Peruvian President Pedro Castillo is the subject of six criminal probes over alleged graft and plagiarism
Peruvian President Pedro Castillo is the subject of six criminal probes over alleged graft and plagiarism

Peruvian prosecutors have opened a sixth criminal investigation into President Pedro Castillo for alleged corruption involving government tenders, officials said Thursday.

The announcement came after police this week raided the presidential palace in Lima, where Castillo resides, as well as his private home in the country's rural north in search of his sister-in-law, who on Wednesday gave herself up in a related corruption investigation.

Castillo is already the subject of five other criminal probes for graft and for allegedly plagiarizing his university thesis, and has survived two impeachment attempts since taking office in July last year.

Peru's public prosecutor has started a preliminary investigation into Castillo and his former Housing Minister Geiner Alvarado "for an alleged crime... in the form of criminal organization," the public ministry, which oversees the work of the prosecutor, said on Twitter.

The investigation, it added, targets contracts awarded in the provinces of Chota-Cajamarca, where Castillo is originally from, and Cajatambo-Lima, north of the capital.

The arrests this week of Castillo's sister-in-law Yenifer Paredes, businessmen brothers Hugo and Anggi Espino, and mayor Jose Nenil Medina of Anguia in Cajamarca, are related to the same probe.

The group is accused of participating in a network of corruption and money laundering that prosecutors allege was headed by the Peruvian president.

Castillo, serving a five-year term that ends in 2026, cannot be tried while in office.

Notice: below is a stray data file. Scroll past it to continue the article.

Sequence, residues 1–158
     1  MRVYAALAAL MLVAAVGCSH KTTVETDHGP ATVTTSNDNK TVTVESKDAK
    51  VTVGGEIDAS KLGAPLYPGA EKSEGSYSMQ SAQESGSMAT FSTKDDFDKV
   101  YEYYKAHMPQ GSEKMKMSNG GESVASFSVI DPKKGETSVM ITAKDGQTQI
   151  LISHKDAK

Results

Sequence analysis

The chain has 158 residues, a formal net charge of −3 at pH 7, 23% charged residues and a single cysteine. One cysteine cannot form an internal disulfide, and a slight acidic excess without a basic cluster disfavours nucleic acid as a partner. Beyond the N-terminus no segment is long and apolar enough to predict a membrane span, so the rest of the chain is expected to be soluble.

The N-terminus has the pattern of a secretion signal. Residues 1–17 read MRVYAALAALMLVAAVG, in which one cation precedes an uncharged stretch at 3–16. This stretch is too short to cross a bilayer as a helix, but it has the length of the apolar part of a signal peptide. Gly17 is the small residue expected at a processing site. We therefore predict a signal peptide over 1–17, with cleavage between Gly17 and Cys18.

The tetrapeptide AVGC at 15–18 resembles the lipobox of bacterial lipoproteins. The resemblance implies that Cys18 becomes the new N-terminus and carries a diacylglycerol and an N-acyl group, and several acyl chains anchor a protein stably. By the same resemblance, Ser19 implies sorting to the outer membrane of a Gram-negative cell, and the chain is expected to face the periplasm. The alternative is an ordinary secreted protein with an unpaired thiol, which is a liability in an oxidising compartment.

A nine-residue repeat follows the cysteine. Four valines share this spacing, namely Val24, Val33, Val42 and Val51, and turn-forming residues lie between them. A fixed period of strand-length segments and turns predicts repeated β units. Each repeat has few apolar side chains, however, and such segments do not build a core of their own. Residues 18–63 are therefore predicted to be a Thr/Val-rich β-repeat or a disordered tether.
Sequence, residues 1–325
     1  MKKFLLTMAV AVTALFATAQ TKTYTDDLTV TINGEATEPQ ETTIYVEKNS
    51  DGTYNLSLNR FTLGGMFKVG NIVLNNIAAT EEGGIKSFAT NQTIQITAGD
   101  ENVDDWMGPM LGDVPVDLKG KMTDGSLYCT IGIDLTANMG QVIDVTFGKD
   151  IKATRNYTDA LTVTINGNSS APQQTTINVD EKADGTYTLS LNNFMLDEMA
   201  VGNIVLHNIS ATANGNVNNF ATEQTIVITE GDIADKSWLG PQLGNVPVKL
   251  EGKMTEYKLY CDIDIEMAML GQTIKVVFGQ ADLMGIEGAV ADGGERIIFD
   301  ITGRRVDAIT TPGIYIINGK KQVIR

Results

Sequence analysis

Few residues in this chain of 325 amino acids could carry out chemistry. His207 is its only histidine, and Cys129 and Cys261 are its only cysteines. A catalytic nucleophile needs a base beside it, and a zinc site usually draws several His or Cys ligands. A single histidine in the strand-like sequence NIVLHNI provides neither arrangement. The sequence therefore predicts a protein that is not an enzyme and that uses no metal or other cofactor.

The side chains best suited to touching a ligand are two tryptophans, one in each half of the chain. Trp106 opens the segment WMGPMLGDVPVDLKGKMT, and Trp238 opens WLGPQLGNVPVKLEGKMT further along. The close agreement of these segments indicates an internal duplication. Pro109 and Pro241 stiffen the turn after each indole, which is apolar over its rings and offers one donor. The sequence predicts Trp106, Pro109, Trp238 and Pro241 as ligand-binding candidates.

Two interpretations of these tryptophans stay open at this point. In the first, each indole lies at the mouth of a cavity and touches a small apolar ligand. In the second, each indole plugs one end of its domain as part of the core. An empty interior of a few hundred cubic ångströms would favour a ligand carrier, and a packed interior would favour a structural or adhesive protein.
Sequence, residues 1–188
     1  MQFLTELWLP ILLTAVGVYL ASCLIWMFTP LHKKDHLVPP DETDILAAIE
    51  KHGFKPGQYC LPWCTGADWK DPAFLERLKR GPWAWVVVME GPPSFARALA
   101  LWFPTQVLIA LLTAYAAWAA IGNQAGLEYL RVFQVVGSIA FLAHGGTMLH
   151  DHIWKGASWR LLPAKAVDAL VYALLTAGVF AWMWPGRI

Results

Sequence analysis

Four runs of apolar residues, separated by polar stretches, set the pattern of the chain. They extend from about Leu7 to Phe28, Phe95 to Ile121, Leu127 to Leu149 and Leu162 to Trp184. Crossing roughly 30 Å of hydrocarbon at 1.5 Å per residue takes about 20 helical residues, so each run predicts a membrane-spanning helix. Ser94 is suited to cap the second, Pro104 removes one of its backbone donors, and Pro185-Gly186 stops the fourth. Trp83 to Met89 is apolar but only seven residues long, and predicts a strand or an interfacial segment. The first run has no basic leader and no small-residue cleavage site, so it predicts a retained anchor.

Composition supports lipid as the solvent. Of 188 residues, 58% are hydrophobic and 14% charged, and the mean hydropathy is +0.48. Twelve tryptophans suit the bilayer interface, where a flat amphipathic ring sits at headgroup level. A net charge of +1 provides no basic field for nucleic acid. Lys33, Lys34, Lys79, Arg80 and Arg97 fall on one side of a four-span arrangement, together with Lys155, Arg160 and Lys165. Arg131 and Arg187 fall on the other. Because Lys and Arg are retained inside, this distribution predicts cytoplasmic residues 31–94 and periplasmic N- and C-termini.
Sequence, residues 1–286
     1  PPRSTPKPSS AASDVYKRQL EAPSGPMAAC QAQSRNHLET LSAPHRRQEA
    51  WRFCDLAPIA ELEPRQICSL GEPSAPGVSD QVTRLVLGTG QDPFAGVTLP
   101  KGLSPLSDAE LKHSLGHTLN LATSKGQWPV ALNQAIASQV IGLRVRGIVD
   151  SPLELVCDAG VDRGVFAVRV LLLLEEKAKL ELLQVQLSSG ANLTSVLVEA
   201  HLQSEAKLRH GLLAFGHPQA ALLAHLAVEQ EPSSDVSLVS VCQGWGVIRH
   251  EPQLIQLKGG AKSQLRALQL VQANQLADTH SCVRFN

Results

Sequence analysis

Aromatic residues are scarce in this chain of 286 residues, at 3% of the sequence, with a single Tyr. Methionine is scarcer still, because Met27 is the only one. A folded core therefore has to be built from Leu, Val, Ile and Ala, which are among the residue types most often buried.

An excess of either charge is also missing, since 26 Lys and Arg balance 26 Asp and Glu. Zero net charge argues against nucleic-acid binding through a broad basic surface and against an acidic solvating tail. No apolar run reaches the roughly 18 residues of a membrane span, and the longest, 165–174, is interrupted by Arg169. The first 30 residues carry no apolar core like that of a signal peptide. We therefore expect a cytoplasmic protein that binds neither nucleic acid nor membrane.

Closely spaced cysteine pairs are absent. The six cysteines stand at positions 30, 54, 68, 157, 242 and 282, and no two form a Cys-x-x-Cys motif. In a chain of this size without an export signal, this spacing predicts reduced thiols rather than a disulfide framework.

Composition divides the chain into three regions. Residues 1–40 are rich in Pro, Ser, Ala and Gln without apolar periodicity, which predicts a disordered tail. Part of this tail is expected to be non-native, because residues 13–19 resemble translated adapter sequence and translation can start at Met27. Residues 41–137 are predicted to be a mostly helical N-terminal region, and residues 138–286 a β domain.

Last week, a team of investigators visited Anguia and Cajatambo to collect information on public works contracts awarded to the Espino brothers, who are alleged to have had links with Castillo's sister-in-law.

Castillo, a 52-year-old rural school teacher and trade unionist, unexpectedly took power from Peru's traditional political elite in elections last year.

He has come under non-stop fire from right-wing political rivals seeking his impeachment, so far without success.

Opinion polls show that three-quarters of Peruvians disapprove of Castillo's management of the country, which has seen three prime ministers and seven interior ministers come and go in just over a year.

Paredes, 26, lives with Castillo and his wife, whom she reportedly views as "parents."

She is the fourth person in the presidential entourage to be investigated for alleged corruption.

The others include a nephew who served as an adviser, a former transport minister -- both fugitives from justice -- and Castillo's former presidential secretary.